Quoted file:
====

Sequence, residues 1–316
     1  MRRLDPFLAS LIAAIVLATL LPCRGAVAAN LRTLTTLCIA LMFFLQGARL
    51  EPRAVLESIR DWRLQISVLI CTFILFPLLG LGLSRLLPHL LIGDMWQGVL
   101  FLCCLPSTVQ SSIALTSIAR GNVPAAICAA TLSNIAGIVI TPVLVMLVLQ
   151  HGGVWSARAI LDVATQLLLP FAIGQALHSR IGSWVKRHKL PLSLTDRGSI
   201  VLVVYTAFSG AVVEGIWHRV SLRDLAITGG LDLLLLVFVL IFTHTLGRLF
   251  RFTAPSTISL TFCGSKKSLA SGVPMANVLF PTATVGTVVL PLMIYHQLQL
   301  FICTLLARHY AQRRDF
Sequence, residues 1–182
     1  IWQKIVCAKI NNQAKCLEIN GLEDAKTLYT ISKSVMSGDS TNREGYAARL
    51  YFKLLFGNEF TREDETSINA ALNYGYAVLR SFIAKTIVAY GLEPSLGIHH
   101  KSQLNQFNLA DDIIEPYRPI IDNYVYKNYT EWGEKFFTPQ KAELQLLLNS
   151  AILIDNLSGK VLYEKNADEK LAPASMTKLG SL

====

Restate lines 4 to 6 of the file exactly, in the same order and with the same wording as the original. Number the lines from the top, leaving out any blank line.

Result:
   101  FLCCLPSTVQ SSIALTSIAR GNVPAAICAA TLSNIAGIVI TPVLVMLVLQ
   151  HGGVWSARAI LDVATQLLLP FAIGQALHSR IGSWVKRHKL PLSLTDRGSI
   201  VLVVYTAFSG AVVEGIWHRV SLRDLAITGG LDLLLLVFVL IFTHTLGRLF